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JCI Insight. 2017 Apr 6;2(7):e90777. doi: 10.1172/jci.insight.90777.

Inhibition of neuronal ferroptosis protects hemorrhagic brain.

Author information

1
Department of Anesthesiology and Critical Care Medicine.
2
Department of Neurology, Johns Hopkins University, School of Medicine, Baltimore, Maryland, USA.
3
Hugo W. Moser Research Institute at Kennedy Krieger, Baltimore, Maryland, USA.
4
Department of Biological Sciences and Department of Chemistry, Columbia University, New York, New York, USA.

Abstract

Intracerebral hemorrhage (ICH) causes high mortality and morbidity, but our knowledge of post-ICH neuronal death and related mechanisms is limited. In this study, we first demonstrated that ferroptosis, a newly identified form of cell death, occurs in the collagenase-induced ICH model in mice. We found that administration of ferrostatin-1, a specific inhibitor of ferroptosis, prevented neuronal death and reduced iron deposition induced by hemoglobin in organotypic hippocampal slice cultures (OHSCs). Mice treated with ferrostatin-1 after ICH exhibited marked brain protection and improved neurologic function. Additionally, we found that ferrostatin-1 reduced lipid reactive oxygen species production and attenuated the increased expression level of PTGS2 and its gene product cyclooxygenase-2 ex vivo and in vivo. Moreover, ferrostatin-1 in combination with other inhibitors that target different forms of cell death prevented hemoglobin-induced cell death in OHSCs and human induced pluripotent stem cell-derived neurons better than any inhibitor alone. These results indicate that ferroptosis contributes to neuronal death after ICH, that administration of ferrostatin-1 protects hemorrhagic brain, and that cyclooxygenase-2 could be a biomarker of ferroptosis. The insights gained from this study will advance our knowledge of the post-ICH cell death cascade and be essential for future preclinical studies.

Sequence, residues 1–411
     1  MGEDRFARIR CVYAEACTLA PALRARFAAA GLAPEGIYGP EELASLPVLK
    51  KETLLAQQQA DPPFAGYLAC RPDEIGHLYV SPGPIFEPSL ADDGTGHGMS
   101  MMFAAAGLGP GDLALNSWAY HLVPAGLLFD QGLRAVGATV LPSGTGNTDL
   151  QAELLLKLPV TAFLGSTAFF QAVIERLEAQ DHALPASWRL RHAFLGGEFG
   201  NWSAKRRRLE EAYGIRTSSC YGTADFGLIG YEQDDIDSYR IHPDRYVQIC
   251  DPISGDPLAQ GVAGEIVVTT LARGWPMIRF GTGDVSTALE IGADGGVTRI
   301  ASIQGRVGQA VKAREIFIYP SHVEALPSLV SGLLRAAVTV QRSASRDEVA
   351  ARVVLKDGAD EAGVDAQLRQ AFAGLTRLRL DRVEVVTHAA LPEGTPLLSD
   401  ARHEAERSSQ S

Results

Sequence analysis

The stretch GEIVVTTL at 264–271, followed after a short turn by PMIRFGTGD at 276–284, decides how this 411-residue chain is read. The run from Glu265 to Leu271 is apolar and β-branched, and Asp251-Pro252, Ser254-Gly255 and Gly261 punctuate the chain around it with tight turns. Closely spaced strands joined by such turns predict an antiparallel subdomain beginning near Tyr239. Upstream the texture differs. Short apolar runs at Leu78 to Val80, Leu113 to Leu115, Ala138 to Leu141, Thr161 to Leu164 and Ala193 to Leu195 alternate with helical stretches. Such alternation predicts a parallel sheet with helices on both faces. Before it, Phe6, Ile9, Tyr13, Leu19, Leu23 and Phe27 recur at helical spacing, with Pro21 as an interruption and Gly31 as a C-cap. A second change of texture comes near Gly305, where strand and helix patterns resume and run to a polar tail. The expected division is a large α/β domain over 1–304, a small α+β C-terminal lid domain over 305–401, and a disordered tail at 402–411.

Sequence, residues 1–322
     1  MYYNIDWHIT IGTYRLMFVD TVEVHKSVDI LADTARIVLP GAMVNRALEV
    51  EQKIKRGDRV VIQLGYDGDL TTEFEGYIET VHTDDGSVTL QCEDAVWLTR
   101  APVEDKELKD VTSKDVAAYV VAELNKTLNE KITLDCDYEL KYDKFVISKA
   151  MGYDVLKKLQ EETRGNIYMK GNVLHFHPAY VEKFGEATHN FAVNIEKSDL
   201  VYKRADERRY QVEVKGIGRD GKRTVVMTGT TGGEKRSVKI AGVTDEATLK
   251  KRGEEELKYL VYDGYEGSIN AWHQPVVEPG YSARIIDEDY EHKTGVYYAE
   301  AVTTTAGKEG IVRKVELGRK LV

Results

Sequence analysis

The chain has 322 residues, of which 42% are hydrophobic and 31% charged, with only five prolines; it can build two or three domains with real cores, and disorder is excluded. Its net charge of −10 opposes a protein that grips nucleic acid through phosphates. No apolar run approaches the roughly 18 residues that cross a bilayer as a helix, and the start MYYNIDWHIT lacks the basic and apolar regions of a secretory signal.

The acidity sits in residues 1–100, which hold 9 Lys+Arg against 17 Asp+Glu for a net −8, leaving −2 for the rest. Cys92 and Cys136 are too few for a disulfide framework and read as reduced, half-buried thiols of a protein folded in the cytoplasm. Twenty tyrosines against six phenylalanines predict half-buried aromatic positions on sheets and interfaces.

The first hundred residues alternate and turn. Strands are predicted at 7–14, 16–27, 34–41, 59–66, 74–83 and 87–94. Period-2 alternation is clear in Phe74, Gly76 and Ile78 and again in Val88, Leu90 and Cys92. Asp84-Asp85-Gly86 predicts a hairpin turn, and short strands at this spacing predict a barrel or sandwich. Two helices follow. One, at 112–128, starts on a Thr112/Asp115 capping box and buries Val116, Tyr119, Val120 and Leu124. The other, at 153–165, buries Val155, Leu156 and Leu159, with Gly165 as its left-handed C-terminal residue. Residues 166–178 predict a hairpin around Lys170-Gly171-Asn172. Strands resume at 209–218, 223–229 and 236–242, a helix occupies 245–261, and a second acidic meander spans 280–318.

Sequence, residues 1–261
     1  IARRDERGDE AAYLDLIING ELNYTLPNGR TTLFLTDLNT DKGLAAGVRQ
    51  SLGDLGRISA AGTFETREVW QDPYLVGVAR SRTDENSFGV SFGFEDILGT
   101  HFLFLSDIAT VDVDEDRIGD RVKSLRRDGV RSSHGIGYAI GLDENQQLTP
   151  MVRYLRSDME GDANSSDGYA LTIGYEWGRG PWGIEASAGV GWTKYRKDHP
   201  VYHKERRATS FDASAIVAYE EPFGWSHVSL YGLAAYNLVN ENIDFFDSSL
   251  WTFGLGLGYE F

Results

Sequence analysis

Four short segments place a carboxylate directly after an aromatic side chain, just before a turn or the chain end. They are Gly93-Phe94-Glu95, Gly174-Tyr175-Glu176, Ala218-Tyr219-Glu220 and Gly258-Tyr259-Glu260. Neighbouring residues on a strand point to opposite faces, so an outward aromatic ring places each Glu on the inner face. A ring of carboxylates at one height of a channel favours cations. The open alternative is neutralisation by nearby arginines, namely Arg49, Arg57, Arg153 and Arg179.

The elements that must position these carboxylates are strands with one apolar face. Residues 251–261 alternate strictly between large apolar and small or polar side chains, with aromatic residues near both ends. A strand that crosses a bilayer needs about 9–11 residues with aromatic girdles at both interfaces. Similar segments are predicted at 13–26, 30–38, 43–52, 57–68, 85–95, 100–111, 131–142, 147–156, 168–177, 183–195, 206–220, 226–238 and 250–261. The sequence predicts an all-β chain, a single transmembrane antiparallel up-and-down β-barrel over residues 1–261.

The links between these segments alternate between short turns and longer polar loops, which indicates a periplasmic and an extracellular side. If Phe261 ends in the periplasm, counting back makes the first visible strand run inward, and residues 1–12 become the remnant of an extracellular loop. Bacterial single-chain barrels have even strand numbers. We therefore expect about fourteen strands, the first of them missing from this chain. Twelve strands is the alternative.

PMID:
28405617
PMCID:
PMC5374066
DOI:
10.1172/jci.insight.90777
[Indexed for MEDLINE]
Free PMC Article

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